Augustus Muller

Cellulosed Bodies (Original Score) (Nude Club)

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Today, Augustus Muller (aka Gus of Boy Harsher) presents “Perverse Technology,” the latest single from Cellulosed Bodies (Original Score) — a new album featuring two scores, Crash and Automaton — out September 1st via Nude Club Records. Four Chambers is the project of experimental pornographer Vex Ashley, a cultural phenom known for her filmmaking and photography. Both scores serve as accompaniments to films released by Ashley last year through Four Chambers.


Crash and Automation demonstrate Muller’s mastery of stark, industrial soundscapes. Yet, Muller takes the compositions further — introducing club elements such as nu disco tendencies and vocal samples. Thus, he embraces the theme of “body meets machine” as explored in the visual content of the films. Taken from Crash,  new single “Perverse Technology” immerses the listener in a dark and sensual atmosphere with skittering beats and droning synths.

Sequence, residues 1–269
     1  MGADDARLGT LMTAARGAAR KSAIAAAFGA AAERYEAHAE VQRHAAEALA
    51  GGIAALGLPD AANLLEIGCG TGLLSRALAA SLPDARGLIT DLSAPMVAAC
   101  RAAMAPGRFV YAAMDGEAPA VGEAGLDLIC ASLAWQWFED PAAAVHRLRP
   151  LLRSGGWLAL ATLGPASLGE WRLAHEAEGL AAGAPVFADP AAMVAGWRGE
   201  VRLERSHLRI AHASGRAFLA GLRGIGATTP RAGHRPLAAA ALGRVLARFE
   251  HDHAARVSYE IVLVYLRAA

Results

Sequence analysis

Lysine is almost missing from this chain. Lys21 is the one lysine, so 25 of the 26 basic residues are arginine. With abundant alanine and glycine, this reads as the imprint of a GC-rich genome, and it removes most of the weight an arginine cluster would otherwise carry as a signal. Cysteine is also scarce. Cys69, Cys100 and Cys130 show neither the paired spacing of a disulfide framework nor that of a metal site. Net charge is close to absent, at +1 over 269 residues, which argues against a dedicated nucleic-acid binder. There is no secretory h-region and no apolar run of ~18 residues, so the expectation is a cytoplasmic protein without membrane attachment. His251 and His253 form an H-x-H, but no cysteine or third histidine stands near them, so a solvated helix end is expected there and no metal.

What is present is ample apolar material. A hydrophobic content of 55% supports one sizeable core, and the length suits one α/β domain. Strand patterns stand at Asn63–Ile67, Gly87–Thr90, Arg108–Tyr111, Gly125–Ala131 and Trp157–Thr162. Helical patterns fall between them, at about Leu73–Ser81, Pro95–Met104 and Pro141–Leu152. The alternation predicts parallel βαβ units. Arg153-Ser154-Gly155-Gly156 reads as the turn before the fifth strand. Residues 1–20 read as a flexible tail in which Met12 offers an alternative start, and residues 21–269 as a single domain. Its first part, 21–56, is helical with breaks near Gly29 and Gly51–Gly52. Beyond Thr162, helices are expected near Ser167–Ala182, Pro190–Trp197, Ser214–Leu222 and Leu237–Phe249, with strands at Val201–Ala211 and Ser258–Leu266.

Crash is an homage to David Cronenberg’s 1996 film of the same name. Both Ashley and Cronenberg explore the eroticism of car accidents, a fetish that feels both mechanical and gory. This violent juxtaposition is Muller’s ultimate inspiration. Featured in Crash, “Body and Machine” is a pulsing, synth anthem, exhibiting both synthetic echoes and playful plucky highlights. “Sharing a Smoke” has a somber austerity, you can almost see the hands pass across leather seats, shattered glass against sweaty bodies, and open-mouth kisses in the headlights.


Automaton came from the isolation brought upon the pandemic, which turned many into digital fiends. Ashley explores the fixation of technological intimacy with a sci-fi tinged film. Unlike Crash, Muller uses less industrial sounds in Automaton, instead favoring synthetic instrumentation. “Who is in Control” and “Observation” are chilling examples of this — compositions that feature oblique strings and organ-like synthesis. Songs such as “Subdue Yourself,” featuring vocal samples of dominatrix Miss Marilyn, are deftly human, yet “speak” from the perspective of the machine.


Ultimately, both sides of Cellulosed Bodies play with the mercurial erotic relationship between body and machine. A soundscape that is both haunting and humble, Muller’s follow-up with Four Chambers features some of his best score work.